Take, for example, an open differential, 50:50 split. One tire is spinning with 20 of resistance, an eLSD applies the brake to that side. Say, the resistance it applies is 50. The 50:50 split allows the maximum torque output of the other side to increase to 70 or until it spins. If it doesn't spin, more brake is added until it does. Wheel 1 still sees 20, while wheel 2 progressively sees more until (e.g., at 70) it spins too and you make a nice 11 on the pavement instead of a 1 tire fire, like you would with a purely open differential.

The operation of that brake is moved into the differential housing itself with a mechanical LSD. Either way, the actual output torque delivered by the shaft to the wheels is not 50:50, which is the whole point of the LSD in the first place. Stating that 50% of the input torque to the system is used for each side says nothing to the actual output torque at the wheels from each side of the system due to intentional losses from adding resistance. Hence, the difference in torque. The torque ratio noted above is a result of the maximum amount of friction that can be added to any one side in order to differ torque at the wheels.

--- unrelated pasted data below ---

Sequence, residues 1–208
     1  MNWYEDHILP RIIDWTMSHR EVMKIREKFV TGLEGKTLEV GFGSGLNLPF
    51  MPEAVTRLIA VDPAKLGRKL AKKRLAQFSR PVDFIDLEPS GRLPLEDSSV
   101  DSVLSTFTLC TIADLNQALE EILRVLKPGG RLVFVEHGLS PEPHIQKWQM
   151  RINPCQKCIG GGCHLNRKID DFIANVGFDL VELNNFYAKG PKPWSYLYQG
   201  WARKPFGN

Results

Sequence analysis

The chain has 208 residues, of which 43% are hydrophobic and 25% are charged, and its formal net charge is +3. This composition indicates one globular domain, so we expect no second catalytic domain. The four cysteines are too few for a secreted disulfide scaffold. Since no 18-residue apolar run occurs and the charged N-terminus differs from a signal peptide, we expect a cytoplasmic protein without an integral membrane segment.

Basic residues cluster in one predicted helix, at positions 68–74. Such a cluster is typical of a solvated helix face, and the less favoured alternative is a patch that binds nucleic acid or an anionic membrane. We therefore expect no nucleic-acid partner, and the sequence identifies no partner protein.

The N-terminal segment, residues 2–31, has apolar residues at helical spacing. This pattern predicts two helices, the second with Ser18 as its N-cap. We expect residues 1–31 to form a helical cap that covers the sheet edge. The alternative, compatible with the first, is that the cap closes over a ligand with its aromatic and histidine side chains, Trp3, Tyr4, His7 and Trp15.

Your stance is equivalent to gathering the ingredients for 12 1oz cookies, eating a portion of the dough, then baking 12 3/4oz cookies and claiming you still made 1oz cookies because you used all the ingredients.
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Old 06-24-2013, 04:07 PM   #44
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One of the best things about living in America is that we're all free to believe what we want, no matter how those beliefs are formed. If you want to believe that is how a LSD works, you are welcome to that belief. I am done with you on the subject of LSDs, I have now wasted more of my time than was warranted.